Toshiba To Writedown Its Nuclear Business, U.S. Authorities Are Investigating

Toshiba Sign

The 140-year old Japanese company has also verified that they are under investigation by the U.S. authorities for their U.S. facilities.

Toshiba Corp., one of Japan’s biggest technology companies,  stated on Friday that it is planning to write down their nuclear unit after the impact on their credit profile following an accounting scandal worth £1.3 billion hit Toshiba’s ailing performance last year.

The 140-year old Japanese company has also verified that they are under investigation by the U.S. authorities for their U.S. facilities, however it is being denied by the company’s nuclear unit called, Westinghouse, that this is the case.

Toshiba, who wants to put all the accounting scandals behind it, has been moving to streamline the business. According to its business strategy, which was recently updated, the company has now add an extra 3,000 job losses which will leave a grand total of 14,000 jobs lost. This restructuring method is in addition to the sell-off of their medical equipment business for $5.9 billion and also the sell-off of other businesses such as their home appliances.

The latest events for Toshiba suggest that the company is still very much plagued by scandals. The writedown of their nuclear business is said to be a response to their failing credit score and the company’s poor ability to secure funds which called for a new stress test. It is reported that Toshiba is considering a writedown of the nuclear business worth 200 billion yen, sparking speculation among investors that there has been some sort of account fraud.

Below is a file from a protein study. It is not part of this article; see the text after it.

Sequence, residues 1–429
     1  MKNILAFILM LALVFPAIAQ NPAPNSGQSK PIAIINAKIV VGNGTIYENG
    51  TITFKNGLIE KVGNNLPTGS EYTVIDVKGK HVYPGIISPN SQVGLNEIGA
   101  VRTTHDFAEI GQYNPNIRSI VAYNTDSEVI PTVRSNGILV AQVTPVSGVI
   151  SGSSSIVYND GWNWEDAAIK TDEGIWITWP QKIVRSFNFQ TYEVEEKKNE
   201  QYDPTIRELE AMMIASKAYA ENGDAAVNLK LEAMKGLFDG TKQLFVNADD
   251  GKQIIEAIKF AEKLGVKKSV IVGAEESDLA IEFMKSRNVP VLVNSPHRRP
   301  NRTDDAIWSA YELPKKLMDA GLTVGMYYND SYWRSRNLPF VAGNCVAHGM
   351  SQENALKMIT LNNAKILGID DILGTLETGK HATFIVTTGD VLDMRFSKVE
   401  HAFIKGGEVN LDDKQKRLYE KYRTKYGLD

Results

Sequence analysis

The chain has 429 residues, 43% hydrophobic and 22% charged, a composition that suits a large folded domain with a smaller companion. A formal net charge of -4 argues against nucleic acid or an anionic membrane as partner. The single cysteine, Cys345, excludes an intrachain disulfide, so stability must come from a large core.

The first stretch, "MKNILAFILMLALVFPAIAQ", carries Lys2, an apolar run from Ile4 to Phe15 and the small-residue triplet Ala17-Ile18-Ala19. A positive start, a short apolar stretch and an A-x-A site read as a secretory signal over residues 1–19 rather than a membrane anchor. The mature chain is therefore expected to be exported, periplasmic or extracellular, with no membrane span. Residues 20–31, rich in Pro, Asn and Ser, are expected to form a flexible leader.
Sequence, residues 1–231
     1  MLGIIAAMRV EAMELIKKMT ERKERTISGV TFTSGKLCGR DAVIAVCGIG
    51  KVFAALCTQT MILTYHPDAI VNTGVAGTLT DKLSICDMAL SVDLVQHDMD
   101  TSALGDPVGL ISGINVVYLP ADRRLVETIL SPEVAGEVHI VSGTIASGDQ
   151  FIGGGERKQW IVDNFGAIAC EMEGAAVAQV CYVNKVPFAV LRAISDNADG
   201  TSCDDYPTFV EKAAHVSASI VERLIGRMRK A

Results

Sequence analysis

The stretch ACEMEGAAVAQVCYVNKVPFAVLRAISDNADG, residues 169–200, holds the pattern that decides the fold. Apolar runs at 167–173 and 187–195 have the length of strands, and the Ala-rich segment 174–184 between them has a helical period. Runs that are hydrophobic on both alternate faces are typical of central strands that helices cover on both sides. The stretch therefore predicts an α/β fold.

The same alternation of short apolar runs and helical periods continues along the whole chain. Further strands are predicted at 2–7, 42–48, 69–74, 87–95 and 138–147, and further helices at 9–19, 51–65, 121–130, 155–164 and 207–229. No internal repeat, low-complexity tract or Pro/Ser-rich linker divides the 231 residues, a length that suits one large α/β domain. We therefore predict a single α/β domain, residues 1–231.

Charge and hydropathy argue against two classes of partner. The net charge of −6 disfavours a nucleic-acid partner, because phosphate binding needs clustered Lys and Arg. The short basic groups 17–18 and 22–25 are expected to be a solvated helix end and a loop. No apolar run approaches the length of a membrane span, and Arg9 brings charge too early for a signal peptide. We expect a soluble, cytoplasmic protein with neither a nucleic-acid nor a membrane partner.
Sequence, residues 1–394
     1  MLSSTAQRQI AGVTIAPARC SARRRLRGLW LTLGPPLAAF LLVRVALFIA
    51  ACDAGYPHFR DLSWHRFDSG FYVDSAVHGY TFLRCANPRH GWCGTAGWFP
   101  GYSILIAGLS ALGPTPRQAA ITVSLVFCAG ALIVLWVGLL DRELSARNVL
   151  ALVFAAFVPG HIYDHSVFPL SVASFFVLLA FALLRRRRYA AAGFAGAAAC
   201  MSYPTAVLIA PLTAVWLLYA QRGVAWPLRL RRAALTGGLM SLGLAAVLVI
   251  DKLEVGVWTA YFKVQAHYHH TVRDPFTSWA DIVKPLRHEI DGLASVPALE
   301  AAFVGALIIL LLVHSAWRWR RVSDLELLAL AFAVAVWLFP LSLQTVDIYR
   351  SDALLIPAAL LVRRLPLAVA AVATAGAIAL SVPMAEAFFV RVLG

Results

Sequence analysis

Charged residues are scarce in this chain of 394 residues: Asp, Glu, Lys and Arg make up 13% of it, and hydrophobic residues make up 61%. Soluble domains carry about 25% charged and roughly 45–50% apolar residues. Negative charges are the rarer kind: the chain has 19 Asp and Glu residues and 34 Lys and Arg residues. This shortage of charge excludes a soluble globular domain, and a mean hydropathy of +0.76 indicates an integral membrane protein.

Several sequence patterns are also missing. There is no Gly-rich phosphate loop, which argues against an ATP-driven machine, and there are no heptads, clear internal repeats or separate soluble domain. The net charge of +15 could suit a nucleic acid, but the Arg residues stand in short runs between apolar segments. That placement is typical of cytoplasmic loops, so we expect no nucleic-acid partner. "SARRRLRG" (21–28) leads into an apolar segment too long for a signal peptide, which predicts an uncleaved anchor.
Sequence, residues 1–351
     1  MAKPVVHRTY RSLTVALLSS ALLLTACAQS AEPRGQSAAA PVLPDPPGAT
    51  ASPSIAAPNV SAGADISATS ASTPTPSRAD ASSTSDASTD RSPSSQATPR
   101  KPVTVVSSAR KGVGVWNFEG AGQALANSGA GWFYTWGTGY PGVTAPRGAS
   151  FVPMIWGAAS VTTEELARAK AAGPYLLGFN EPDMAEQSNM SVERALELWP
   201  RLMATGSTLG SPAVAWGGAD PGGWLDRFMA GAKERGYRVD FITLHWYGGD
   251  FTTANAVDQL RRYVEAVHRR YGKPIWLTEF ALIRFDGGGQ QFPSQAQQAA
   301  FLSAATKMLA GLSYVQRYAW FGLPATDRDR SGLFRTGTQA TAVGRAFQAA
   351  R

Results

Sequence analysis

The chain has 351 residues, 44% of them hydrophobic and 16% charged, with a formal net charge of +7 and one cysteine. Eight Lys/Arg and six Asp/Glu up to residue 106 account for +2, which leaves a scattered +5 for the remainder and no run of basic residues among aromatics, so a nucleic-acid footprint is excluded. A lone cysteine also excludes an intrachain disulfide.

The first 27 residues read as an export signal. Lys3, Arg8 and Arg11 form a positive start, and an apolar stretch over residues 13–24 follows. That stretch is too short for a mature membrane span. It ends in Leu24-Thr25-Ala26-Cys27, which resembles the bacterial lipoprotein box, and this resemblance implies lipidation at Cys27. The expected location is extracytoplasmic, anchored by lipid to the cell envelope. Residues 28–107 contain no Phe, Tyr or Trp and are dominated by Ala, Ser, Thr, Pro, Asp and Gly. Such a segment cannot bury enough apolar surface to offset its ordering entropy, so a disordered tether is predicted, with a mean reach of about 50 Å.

In a news conference, Toshiba Chief executive Masahi Muromachi said:

“We cannot gain lost trust and corporate value in just a day. We don’t know how long it will take.”

Westinghouse insists that no writedown is needed and that the American government is not investigating its finances, Chief Executive, Danny Roderick said:

“To our knowledge, Westinghouse financial reporting is not under investigation.”

However, Toshiba confirmed Bloomberg’s report that the U.S. Department of Justice and the Securities and Exchange Commission are requesting information about the company’s accounting. Toshiba says that it doesn’t know what U.S. agencies are looking for, but that they do have the purview because Westinghouse is an American company.

Nuclear energy is one of Toshiba’s drivers for growth, along with semiconductors. With the nuclear energy business in limbo, the company is expecting operating profits in April to be at 120 billion yen per year, up from the current loss of 430 million yen this business year so far. The company aims to increase profits to 270 billion yen in two years.

Toshiba acquired Westinghouse in 2006, but the nuclear energy sector has been declining in popularity since the Fukushima disaster in 2011. Many countries have frozen nuclear power expansion plans in response to the tragedy.

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